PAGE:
Vintage Delta Scroll Saw - Woodworking Talk - Woodworkers Forum
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post #1 of 12 Old 07-22-2018, 02:19 PM Thread Starter
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I saw this cool old delta scroll saw on craigslist and I kinda want to fit it up and use it. It’s $35. Is it worth the time and money to restore it? It doesn’t have a motor. How much money would I be spending on parts, and are parts for this saw even easily found? Oh, It also comes with the original stand, I don’t have pics of it though.

Thanks
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post #2 of 12 Old 07-22-2018, 02:26 PM
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I gave $150 for mine about 30 years ago but it was in good working order. I have since rebuilt it from parts ordered directly from Delta as they still had what I needed.

Btw, you'll get more responses and views if you'll post the photos instead of links. A lot of folks won't click on a link.

David
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post #3 of 12 Old 07-22-2018, 04:22 PM
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James it might be impossible to find parts a scrollsaw that old. A lot of these old saws and some new saws are so hard to use that you would just give up on a very fun hobby.

Don in Murfreesboro, TN.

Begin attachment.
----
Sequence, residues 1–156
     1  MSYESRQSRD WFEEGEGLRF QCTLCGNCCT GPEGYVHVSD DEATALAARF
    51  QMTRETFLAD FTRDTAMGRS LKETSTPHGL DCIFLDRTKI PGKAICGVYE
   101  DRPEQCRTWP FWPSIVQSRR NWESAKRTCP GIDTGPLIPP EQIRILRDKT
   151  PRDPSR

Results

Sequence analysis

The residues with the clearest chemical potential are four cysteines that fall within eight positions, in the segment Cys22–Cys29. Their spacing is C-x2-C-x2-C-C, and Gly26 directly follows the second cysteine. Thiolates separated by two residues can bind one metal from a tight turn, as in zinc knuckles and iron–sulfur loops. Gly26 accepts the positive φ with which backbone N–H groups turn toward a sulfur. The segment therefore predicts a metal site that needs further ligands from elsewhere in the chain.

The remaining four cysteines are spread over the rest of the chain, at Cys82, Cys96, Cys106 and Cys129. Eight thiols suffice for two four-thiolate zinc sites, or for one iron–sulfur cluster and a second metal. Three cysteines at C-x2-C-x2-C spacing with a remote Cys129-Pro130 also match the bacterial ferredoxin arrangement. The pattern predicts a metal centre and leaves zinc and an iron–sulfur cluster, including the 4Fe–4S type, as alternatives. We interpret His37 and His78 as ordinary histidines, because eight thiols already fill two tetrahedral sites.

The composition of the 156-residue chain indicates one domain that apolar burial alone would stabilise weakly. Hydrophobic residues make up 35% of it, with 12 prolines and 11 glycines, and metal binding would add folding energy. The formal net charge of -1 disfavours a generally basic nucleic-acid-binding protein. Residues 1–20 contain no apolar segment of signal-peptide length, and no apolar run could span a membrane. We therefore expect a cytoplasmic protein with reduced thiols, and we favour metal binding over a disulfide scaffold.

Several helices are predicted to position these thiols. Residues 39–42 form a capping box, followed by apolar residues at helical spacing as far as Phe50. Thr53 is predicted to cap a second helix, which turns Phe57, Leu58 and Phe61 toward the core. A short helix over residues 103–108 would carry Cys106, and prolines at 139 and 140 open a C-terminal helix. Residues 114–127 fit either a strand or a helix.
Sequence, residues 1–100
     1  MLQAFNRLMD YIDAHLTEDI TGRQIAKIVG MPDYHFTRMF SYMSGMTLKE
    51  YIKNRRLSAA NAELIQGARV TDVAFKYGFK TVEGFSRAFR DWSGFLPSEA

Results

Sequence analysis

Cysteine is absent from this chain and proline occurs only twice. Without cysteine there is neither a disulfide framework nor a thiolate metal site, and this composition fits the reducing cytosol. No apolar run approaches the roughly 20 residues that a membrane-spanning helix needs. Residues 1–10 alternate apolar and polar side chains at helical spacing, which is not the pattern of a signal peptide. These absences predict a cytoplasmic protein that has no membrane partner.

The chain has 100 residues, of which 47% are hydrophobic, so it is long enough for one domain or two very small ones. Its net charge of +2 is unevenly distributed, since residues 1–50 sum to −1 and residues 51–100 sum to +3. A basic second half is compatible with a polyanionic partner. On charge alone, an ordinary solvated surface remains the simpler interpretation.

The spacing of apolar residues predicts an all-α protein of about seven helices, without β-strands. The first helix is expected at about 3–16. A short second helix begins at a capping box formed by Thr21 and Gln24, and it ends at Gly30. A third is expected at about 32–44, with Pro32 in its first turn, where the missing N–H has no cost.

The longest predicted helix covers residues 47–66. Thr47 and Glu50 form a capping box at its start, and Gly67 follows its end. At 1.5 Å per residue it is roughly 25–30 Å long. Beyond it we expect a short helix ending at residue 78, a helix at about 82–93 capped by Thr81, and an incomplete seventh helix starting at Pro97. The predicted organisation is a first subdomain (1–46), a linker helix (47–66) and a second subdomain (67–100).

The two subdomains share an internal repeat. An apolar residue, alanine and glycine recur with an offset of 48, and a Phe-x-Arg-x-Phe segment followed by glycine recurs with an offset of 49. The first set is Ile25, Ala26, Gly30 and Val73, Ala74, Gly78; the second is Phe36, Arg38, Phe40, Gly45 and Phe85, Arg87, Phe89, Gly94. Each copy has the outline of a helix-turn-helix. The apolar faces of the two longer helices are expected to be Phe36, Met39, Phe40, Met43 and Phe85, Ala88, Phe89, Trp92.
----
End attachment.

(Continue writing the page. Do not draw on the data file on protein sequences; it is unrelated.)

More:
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post #4 of 12 Old 07-22-2018, 05:01 PM
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If you can spin it and the blade holder goes up and down, the only thing you need is the motor and it looks like the hold down "foot" is missing, you could probably find or build one yourself if you are capable


Those things are built like tanks, I have one like it and it just keeps running, but I also have a Delta "parallelogram" jig saw so the old one doesn't get used as much as it could have been

There is no app for experience
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post #5 of 12 Old 07-22-2018, 07:58 PM Thread Starter
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If you can spin it and the blade holder goes up and down, the only thing you need is the motor and it looks like the hold down "foot" is missing, you could probably find or build one yourself if you are capable


Those things are built like tanks, I have one like it and it just keeps running, but I also have a Delta "parallelogram" jig saw so the old one doesn't get used as much as it could have been
Hahaha I wouldn’t know here to start with building a motor. How much money would I be putting into this saw if I got it?

Like some said, Not sure if I could even find the parts, It’s kind of a gamble.
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post #6 of 12 Old 07-22-2018, 08:33 PM
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Wow i love that! This looks l;ike one of those projects which may need a bit of patience. Personally id buy it and see what I could do with it. Its layout isnt very different from the modern models so id be willing to bet you can at the minimum get it operating if not fully restored.

Mike
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post #7 of 12 Old 07-23-2018, 02:20 PM
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Hahaha I wouldn’t know here to start with building a motor. How much money would I be putting into this saw if I got it?

Like some said, Not sure if I could even find the parts, It’s kind of a gamble.

Look around used 1/4-1/2 used 48 frame motors are pretty easy to find or you could spring for a new one $100-150